The rich California Teachers Association, United Teachers–Los Angeles, and the teachers unions in Sacramento, San Francisco, San Diego and most other cities, have tried to do the best for their adult, dues-paying members by saving teachers from the laborious retraining and retooling they need to actually teach poor kids their math, reading, writing, science and history.
Any industry’s unions would probably strenuously resist retraining and retooling of its members. But any industry doesn’t directly torpedo the dreams of children when it decides to help its members drag their feet.
So California’s teachers’ unions did something pretty brilliant. Beginning more than 20 years ago, they began loudly blaming poverty and other things that could not be fixed. The declining schools were never the fault of unprepared yet certified teachers.
The unions became increasingly emboldened, even trying a couple of years ago to turn their absurd views of “how to teach” into a formal part of their bargaining power during contract negotiations.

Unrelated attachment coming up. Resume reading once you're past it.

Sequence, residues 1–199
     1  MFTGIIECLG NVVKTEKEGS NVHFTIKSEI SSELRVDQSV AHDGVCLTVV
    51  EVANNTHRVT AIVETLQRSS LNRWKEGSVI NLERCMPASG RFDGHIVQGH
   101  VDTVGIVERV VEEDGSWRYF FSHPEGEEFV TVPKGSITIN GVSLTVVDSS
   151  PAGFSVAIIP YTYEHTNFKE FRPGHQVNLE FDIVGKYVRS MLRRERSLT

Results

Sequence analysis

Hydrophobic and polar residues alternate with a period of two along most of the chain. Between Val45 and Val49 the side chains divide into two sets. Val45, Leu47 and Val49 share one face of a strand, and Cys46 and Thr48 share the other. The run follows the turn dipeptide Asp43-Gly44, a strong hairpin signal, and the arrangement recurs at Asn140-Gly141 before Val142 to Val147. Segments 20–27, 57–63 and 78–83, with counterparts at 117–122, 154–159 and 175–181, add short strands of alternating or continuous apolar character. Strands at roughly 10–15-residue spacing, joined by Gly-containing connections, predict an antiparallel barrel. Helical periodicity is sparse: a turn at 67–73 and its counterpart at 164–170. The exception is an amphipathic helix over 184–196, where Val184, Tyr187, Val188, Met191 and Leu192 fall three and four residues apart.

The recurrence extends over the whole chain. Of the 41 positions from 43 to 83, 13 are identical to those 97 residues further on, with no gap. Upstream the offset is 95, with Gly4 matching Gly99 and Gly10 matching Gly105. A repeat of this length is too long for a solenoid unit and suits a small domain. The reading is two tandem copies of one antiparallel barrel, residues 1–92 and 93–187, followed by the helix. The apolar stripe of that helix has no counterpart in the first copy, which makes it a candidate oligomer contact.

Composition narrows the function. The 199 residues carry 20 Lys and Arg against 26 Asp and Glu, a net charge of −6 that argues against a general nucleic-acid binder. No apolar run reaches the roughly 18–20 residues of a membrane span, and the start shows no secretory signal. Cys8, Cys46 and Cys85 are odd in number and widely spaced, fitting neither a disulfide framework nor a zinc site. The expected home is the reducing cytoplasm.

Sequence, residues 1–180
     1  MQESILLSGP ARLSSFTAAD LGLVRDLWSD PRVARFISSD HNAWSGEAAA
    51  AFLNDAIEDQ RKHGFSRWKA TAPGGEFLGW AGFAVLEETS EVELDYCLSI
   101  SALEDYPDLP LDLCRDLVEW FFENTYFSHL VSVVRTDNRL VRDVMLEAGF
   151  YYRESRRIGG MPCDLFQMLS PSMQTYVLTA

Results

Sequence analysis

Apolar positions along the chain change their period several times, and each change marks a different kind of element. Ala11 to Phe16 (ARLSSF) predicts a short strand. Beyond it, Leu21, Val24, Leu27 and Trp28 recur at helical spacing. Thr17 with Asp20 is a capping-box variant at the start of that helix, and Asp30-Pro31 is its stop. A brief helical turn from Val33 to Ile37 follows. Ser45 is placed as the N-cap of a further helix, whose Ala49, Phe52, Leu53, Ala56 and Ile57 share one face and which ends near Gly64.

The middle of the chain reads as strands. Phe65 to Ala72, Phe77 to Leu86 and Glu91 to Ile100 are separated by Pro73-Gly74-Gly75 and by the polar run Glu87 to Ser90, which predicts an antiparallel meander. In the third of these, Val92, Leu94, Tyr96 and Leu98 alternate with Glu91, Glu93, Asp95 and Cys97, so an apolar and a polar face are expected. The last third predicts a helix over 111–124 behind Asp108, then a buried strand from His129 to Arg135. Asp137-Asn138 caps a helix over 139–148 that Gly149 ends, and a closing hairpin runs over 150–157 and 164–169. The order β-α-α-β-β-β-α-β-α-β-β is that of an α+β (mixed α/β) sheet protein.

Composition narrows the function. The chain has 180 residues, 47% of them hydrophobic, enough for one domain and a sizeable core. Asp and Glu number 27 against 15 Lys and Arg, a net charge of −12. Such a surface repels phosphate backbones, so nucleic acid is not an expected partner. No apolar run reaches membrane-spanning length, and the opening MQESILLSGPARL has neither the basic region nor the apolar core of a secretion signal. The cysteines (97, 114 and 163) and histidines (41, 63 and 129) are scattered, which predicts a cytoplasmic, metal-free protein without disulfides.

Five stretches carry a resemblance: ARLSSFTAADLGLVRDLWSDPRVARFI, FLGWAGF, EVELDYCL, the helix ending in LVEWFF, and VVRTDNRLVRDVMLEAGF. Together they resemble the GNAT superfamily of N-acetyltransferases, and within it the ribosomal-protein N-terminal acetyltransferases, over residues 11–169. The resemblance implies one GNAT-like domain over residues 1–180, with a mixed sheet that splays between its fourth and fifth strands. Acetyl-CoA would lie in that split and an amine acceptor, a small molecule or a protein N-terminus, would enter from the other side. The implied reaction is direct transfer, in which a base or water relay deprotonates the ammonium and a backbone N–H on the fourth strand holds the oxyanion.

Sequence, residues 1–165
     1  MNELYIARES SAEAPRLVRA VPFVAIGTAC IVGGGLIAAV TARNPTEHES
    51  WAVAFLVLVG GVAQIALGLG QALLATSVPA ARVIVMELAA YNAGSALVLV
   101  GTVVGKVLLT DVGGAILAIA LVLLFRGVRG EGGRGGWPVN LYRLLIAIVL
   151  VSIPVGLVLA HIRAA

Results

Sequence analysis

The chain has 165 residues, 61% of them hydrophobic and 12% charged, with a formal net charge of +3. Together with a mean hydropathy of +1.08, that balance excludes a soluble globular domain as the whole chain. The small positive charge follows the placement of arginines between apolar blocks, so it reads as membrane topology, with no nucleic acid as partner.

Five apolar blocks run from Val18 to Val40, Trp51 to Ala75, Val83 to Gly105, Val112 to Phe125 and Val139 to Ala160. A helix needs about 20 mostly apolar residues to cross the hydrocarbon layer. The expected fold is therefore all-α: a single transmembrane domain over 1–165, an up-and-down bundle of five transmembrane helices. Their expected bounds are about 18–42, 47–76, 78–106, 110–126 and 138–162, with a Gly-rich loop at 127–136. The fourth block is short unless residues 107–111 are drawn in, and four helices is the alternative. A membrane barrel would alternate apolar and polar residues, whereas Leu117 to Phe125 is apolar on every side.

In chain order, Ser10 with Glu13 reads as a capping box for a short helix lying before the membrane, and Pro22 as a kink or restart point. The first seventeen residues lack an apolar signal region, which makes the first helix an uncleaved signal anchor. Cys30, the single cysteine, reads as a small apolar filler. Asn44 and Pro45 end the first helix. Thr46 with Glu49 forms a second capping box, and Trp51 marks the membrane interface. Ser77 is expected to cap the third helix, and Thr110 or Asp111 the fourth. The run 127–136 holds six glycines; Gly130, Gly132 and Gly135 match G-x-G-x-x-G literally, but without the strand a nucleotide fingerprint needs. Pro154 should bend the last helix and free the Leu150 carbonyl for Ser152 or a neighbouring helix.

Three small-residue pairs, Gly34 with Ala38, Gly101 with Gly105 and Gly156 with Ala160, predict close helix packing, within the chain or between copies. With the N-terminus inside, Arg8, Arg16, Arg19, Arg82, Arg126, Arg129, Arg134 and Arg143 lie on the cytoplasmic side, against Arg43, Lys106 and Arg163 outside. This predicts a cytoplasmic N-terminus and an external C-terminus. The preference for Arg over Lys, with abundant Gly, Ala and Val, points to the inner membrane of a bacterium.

In 2002, under Davis, Democratic legislators who had received huge CTA campaign contributions tried to push through the creepy Assembly Bill 2160, setting off a war between the unions/far-left Democrats and most of the rest of California society.
Davis’ opposed AB 2160 and stopped the unions from getting control of sweeping curriculum decisions. Can you imagine a union deciding what kids should learn? Yet the 330,000-member California Teachers Association, which had given Gray Davis some $2 million, was furious when he refused to capitulate.
The education wars are renewed every year about this time, as the far-left legislators or unions try to scuttle reform. Even so, a lot has changed for the better since the 1990s, when California embraced the now-discredited “whole language” theory of reading, the “self-esteem” movement, the “fuzzy math” movement, and other interesting-sounding but horrifically failed fads.
Teachers wanted their kids to succeed and they were desperately searching for answers. Thankfully, along came serious researchers — people like reading expert Alice Furry of Sacramento City Schools, language acquisition researcher Reid Lyon of the National Institutes of Health, and mathematician Jim Milgram of Stanford University.